When was the last time you refreshed your development environment?

Ours was refreshed last night and every night for the past month. Since our customers need their CRM upgrades thoroughly tested before the production upgrade, we used to manually refresh their development environments. A lot of changes can happen in a week or a month from the beginning of development to the production push, so I created a Powershell script to do it for me. Now, there is no more wondering if upgrades will work or not.

While it’s certainly possible to run this script from one location, to avoid issues with double-hop authentication issues in Powershell, I’ve opted to split the script into two: one running the SQL restore and another to import the organization on the CRM server.

Create the below script on your development SQL server.

First off we need to start logging and set up our variables. (You will need to create an anonymous SMTP relay if you don’t have one already.)

Next we need to delete the old copy and copy the latest production CRM SQL backup locally:

Since our CRM SQL backup file name is CRM_MSCRM_backup_2016_08_28_000001_8851794.bak, I want to rename it to just CRM_MSCRM:

We need to verify the copy was successful and set the subject for the email:

Now we can restore the database using the SQL Powershell cmdlets (NOTE: DO NOT run this script on a production SQL server since it will overwrite the existing CRM_MSCRM database):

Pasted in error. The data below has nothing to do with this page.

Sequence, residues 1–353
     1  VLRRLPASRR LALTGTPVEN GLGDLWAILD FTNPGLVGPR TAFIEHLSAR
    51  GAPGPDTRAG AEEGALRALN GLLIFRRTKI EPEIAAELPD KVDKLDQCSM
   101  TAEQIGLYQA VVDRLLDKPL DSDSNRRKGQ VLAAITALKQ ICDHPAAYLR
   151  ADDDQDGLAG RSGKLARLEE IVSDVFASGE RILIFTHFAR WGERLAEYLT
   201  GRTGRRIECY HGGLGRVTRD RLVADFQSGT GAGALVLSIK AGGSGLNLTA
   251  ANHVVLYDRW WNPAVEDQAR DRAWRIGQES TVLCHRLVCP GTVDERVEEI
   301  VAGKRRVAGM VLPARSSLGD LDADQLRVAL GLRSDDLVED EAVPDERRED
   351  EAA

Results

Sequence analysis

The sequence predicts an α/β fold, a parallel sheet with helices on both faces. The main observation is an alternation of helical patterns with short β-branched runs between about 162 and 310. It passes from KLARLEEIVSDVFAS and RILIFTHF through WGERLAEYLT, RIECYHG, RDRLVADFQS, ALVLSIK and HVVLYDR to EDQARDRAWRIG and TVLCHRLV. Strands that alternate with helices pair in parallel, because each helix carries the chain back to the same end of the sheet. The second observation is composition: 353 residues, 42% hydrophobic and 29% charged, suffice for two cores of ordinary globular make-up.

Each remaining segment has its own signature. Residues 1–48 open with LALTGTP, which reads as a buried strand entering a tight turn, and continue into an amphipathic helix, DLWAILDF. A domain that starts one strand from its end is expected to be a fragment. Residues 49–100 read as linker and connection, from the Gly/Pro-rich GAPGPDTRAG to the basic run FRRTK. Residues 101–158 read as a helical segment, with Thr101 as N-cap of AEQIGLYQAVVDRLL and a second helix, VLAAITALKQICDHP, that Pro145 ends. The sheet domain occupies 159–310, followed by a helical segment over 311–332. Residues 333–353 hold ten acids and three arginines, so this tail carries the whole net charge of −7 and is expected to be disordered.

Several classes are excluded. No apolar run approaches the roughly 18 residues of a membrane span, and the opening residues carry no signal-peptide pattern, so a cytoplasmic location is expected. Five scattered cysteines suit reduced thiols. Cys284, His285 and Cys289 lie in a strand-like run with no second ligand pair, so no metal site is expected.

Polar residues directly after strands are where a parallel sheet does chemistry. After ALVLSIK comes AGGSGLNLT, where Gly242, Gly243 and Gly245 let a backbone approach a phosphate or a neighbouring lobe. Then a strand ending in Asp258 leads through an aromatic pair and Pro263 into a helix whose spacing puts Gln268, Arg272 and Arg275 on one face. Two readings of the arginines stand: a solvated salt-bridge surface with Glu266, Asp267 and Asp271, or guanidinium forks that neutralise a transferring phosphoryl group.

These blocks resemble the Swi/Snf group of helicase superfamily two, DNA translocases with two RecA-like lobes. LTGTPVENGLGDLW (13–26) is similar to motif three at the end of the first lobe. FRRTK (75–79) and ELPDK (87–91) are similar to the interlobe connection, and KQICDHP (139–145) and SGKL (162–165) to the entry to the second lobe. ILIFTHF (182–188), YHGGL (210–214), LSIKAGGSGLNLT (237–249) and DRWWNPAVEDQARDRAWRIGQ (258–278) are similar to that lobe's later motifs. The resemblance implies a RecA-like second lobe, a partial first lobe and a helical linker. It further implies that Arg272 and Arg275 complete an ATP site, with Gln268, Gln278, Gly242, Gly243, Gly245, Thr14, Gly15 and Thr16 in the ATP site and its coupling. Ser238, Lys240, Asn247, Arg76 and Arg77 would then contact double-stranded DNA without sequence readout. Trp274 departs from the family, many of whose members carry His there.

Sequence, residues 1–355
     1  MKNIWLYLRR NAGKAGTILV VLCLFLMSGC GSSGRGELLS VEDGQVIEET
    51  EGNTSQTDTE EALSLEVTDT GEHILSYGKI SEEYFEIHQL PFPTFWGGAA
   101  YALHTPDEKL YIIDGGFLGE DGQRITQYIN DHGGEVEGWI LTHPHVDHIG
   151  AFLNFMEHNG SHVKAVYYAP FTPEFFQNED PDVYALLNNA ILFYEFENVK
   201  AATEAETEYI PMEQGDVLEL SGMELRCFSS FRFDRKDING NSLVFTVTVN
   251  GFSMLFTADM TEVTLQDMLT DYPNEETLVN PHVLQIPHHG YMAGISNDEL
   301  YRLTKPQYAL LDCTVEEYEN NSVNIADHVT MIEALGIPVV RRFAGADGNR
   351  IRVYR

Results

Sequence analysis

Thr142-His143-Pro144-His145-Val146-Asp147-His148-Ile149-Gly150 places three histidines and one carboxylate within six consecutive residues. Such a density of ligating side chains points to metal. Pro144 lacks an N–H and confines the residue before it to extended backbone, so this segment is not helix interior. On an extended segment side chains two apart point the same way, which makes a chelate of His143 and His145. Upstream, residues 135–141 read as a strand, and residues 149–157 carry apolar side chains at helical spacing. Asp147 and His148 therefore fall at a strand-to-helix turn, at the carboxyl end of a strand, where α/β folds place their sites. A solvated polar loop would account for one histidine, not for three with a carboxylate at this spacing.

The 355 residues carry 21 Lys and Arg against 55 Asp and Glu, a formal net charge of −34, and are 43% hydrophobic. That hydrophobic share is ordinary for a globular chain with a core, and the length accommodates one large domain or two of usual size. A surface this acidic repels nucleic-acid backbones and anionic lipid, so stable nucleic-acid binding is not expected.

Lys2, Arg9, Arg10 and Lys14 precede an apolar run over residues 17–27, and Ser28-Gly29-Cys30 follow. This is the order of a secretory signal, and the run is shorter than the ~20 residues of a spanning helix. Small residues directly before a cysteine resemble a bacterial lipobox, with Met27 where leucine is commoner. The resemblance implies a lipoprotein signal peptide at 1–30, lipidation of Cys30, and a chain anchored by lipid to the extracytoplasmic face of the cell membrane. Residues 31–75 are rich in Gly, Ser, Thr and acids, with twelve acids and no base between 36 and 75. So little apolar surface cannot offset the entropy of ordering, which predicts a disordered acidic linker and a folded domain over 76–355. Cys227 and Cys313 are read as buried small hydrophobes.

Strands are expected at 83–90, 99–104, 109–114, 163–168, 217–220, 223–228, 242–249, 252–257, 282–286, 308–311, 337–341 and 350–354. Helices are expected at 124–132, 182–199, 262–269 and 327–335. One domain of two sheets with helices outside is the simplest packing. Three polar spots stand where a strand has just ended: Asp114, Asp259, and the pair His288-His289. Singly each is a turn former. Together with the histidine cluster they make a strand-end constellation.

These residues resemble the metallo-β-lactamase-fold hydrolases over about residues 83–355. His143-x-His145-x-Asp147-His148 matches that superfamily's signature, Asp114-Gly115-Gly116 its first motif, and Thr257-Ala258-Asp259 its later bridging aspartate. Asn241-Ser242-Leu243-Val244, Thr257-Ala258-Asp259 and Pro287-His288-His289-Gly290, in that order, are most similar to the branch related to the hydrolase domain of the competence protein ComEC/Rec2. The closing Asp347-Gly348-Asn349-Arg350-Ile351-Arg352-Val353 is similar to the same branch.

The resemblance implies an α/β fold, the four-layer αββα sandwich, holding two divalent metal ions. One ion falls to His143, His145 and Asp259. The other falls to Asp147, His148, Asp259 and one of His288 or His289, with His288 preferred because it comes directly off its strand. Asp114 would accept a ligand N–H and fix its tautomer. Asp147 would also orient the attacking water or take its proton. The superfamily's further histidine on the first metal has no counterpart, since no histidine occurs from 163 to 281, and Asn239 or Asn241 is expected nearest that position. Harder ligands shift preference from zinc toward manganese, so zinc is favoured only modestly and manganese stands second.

We will use DBCC CHECKDB to verify the database is healthy, stored the results in a log file, create an attachment, cleanup old DBCC_CHECKDB logs, and send the email alert:

At the end of the script, we need to stop the transcript:

Save the script and create a scheduled task to run as often as needed using credentials that have sysadmin rights in SQL and rights to the folder paths specified in the variables section.

Create the below script on your development CRM front-end server.

First off we need to set up our variables:

We need to import the CRM Powershell module, disable and then remove the existing development org:

Once the old copy of production has been removed, we can import the newer CRM_MSCRM copy from earlier (NOTE: The “Sleep -s 120” command is to give CRM time to change the org from Pending to Enabled which may vary and I’m using the mapping option to map accounts based on Active Directory account name)

We need to verify it was successfully imported:

Once complete, we send a notification to the recipient address we set earlier with the results of the import:

Save the script and create a scheduled task to run after the previous SQL restore complete (mine runs 2 hours after the SQL restore) using credentials that has local admin rights.

After the script runs it will send 2 emails to the recipient email with the SQL copy results and if the import succeeded. These scripts also have the added benefit of being a great DR test for your CRM environment.

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